There have been many ascetic fathers on the Holy Mountain who were dedicated totally to prayer, vision, and practising all the virtues. That is why they received divine consolations from heaven, illuminations from above. Such was the Romanian hermit Theophylaktos, who came from Vatopedi to St. Basil's desert with three monks under obedience to him. Frequently he stayed in caves, in which it was possible to attain greater hesychia, clearer watchfulness of mind, and higher exaltation of soul. He used to say that in one of the caves of this desert, the idolaters who had inhabited the Athonite peninsula prior to the monks' arrival had hidden a statue which had once stood on the peak of Mount Athos and served as a lighthouse. There was a large diamond on the statue's head which was used as a sort of lamp to guide travelers by sea.
At one time Theophylaktos, who prayed unceasingly, did not go to the cave as was his usual habit. He stayed in his hut by himself instead. During his prayer an angel of the Lord appeared and conversed with him. Coming back from accomplishing a task which had been assigned to him, one of the elder's monks in obedience passed by the hut and heard a discussion. He wondered who the visitor was to whom his elder was talking. With curiosity he entered, calling "Elder! are you here?" At that very moment the angel disappeared.
"O, my son," the elder sadly replied, he who was such a great runner in the heavenly race. "I wish you had not come .... I have lost a great blessing." And he explained the visitation.
He is the same father who took care of the wounded roader, and his face shone with light shortly before his falling asleep.
I once had the blessing of meeting the elder Christodoulos, who had been a monk under obedience to the great neptic2 father of Katounakia, Kallinikos the Recluse. In the course of one day's polite hospitality to me, the unworthy, in his remote hermitage, Father Christodoulos told me much about his ever memorable elder, some of which is included in the third edition of Contemporary Agioritan Profiles.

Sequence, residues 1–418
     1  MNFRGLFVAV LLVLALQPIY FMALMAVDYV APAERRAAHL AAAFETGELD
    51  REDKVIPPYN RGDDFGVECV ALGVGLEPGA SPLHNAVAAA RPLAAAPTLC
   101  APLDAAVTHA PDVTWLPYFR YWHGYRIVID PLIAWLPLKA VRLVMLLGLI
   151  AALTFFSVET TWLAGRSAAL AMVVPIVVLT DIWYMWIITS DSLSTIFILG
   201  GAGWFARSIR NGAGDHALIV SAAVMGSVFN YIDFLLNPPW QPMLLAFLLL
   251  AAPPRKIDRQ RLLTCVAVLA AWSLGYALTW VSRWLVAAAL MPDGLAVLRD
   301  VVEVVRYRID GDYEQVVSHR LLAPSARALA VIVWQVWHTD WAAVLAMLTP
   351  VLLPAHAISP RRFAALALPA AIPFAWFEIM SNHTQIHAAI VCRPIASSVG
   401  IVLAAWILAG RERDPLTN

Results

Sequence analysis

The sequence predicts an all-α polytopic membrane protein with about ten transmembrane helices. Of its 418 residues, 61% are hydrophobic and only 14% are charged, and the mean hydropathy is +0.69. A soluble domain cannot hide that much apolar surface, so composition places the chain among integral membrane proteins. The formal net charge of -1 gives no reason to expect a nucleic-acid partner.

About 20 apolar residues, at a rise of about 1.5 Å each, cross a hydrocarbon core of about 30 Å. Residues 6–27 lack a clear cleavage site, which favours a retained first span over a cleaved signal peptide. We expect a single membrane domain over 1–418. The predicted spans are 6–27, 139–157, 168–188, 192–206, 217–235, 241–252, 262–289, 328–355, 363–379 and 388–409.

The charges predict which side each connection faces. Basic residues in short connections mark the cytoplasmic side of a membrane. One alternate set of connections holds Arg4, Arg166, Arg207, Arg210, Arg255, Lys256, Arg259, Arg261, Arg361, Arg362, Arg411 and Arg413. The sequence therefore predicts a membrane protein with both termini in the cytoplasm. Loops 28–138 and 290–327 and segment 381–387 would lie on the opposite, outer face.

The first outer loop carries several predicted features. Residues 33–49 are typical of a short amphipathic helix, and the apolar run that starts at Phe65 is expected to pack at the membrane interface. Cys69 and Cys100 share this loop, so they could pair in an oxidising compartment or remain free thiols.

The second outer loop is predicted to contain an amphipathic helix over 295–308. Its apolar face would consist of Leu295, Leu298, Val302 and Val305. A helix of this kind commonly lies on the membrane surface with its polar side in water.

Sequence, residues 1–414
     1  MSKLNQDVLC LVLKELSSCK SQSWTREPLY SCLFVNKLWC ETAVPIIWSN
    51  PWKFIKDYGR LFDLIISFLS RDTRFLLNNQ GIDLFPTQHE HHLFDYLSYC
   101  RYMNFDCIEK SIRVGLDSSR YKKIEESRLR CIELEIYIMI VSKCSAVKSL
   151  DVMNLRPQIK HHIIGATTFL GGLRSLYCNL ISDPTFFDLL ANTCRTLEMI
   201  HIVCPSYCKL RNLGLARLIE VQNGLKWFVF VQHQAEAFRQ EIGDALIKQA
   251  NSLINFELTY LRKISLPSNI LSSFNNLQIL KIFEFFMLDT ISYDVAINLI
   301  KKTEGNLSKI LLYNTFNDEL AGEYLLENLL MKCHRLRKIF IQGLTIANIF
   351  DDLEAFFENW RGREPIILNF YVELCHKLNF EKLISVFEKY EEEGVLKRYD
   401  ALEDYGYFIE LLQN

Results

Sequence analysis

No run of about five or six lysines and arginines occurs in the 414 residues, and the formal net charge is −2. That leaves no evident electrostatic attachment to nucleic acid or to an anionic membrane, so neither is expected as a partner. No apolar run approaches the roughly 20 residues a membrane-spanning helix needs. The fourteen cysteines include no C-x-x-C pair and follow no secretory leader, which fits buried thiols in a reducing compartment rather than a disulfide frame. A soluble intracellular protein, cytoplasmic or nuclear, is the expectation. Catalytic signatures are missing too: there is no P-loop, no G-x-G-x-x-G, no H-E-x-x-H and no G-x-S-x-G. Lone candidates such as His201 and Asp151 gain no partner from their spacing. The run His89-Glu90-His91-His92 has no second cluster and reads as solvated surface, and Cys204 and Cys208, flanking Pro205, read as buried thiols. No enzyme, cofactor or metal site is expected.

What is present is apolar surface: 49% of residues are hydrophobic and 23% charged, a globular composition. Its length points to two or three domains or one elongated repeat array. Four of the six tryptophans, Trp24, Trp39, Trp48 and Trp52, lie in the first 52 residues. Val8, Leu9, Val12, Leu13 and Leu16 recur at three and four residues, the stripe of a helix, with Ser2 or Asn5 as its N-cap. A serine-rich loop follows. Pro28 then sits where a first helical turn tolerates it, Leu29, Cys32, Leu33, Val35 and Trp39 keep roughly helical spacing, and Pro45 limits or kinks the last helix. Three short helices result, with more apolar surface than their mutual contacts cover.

Elder Kallinikos was a teacher of the Jesus Prayer and visions who for fifty-five years had confined himself within the limits of his hut, which measured twenty metres in all.
That is why he was called a recluse. He was born in 1853 and reposed in 1930.
A friend and lover of hesychia, of vigilance and of noetic3 prayer was Dionysios from Cyprus, who as an ascetic remained in Kafsokalyvia's skete and then returned to Stavrovouniou in Cyprus in 1875, where he became the father of many spiritual children.
There is a prayerful, eremitic breeze which often blows over the blessed Katounakia. There many years ago I met the hesychastic elder Anthimos. He struggled in ascesis in a hut above where the Danielites were located. He was a man of silence. Whenever he did talk, he almost always spoke about the ceaseless prayer of the heart, noetic prayer. "The Jesus Prayer deifies man, while praying to the Theotokos prepares one for deification," he used to say.
"All Holy Mother of God, help me. My blessed Panagia . . ." a monk would say, and his voice echoed sweetly from the depths of his heart as he walked on the paths of St. Anne's skete. "We place all our hope in her, and we are consoled by her," he continued. "She is our mother, our heart's salvation. Otherwise we are following a route which we do not know where it is leading."